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Torture Report Reveals CIA Misled Public On Interrogation Tactics

The explosive Senate report released on Tuesday reveals that the CIA’s harsh interrogation of terrorist detainees during the Bush era did not work and were more brutal than previously revealed without delivering any time-sensitive information that prevented an attack.

The Senate Select Committee on Intelligence released the so-called torture report on the CIA’s interrogation practices and said the agency misled Americans and mismanaged the program that was secretly put into place after the 9/11 terrorist attacks, according to ABC News.

The 5-year study by the committee was conducted after reviewing over 6 million pages of internal CIA records. The study found that the interrogation techniques used on over 100 detainees “were not effective” and “far more brutal” than was relayed to lawmakers and the U.S. public.

President Obama formally ended the CIA’s detention and interrogation program after he took office, the Los Angeles Times reported.

[quote text_size=”small” author=”– Barack Obama” author_title=”President of the United States”]

The report documents a troubling program involving enhanced interrogation techniques on terrorism suspects in secret facilities outside the United States, and it reinforces my long-held view that these harsh methods were not only inconsistent with our values as a nation, they did not serve our broader counter-terrorism efforts or our national security interests.


The majority report issued a condemnation of the tactics of the George W. Bush administration. Its release has reignited a partisan divide over combating terrorism, with Democrats arguing that the tactics are in clear conflict with American values while leading members of the Bush administration insist they were necessary to prevent another attack, according to CNN.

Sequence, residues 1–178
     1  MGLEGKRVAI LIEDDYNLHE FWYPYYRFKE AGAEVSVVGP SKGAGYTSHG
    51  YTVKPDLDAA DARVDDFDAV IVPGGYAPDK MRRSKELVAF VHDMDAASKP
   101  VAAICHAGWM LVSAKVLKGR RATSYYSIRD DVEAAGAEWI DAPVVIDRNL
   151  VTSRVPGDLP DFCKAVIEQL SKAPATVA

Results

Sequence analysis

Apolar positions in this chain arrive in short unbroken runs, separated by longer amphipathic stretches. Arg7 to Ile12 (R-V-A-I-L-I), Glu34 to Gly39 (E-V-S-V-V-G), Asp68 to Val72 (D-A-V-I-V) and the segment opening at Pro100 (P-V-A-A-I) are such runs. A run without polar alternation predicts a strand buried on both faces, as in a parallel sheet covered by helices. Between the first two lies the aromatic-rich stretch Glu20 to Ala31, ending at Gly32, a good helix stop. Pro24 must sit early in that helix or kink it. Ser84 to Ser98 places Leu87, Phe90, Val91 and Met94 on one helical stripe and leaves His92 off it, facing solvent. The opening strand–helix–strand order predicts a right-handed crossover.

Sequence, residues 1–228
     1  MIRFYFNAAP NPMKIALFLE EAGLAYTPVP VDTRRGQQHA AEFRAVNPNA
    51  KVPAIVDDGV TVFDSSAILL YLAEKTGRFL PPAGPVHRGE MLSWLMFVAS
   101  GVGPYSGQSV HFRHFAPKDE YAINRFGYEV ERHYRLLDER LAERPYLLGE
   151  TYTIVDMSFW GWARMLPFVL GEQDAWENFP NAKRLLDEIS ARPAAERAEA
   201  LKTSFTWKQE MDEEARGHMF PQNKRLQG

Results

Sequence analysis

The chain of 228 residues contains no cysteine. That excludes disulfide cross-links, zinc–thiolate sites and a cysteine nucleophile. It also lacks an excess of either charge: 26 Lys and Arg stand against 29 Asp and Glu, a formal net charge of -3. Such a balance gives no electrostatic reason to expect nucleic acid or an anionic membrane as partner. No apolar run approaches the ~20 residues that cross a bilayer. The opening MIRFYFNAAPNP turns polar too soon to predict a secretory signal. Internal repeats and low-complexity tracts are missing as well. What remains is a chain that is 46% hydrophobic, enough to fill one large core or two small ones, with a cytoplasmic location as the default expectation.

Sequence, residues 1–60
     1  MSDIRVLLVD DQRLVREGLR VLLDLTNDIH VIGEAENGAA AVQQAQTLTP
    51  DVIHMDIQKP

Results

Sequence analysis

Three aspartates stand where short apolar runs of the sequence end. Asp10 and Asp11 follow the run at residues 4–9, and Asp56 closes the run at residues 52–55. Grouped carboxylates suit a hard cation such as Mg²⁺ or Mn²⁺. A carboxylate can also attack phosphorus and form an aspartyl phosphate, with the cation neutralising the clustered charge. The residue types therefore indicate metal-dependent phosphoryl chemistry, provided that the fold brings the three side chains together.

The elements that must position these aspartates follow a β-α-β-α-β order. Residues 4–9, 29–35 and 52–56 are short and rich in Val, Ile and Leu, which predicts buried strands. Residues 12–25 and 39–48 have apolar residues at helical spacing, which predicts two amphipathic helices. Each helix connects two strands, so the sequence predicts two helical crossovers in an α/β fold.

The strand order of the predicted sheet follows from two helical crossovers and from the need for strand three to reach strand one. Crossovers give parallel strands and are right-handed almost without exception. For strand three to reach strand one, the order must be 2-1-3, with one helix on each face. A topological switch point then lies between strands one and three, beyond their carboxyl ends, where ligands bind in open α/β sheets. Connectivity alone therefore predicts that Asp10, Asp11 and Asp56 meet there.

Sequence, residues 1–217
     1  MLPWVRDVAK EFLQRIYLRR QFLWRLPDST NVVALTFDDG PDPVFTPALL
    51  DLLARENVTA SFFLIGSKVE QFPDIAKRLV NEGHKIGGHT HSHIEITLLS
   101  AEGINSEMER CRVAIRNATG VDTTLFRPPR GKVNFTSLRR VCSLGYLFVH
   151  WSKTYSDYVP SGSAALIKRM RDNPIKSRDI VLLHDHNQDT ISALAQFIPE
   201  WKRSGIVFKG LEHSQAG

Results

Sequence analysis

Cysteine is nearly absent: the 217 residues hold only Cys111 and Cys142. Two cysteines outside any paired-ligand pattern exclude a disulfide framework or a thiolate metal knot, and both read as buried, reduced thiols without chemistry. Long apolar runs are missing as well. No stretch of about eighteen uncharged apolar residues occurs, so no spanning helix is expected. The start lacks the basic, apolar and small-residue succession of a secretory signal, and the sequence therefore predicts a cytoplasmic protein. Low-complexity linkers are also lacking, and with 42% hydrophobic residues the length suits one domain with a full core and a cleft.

The report went into great detail and examined twenty specific cases in which the CIA claimed some type of success in getting information from its interrogation procedures. The report said these claims by the CIA were wrong. It also said the management of the program was flawed and pointed to an example in November 2002 when a detainee who was held partially nude and chained to a concrete floor and wall died from a suspected case of hypothermia. A junior CIA officer was in charge of the facility identified by the pseudonym COBALT. The report found senior CIA leadership had no knowledge of COBALT operations.

The report detailed techniques it called more brutal than any previously revealed by the agency, including an interrogation session with the first detainee, Abu Zabaydah, in which he became fully unresponsive with bubbles rising through his mouth after a period of waterboarding. At least five detainees were subjected to “rectal feeding” or “rectal hydration.”

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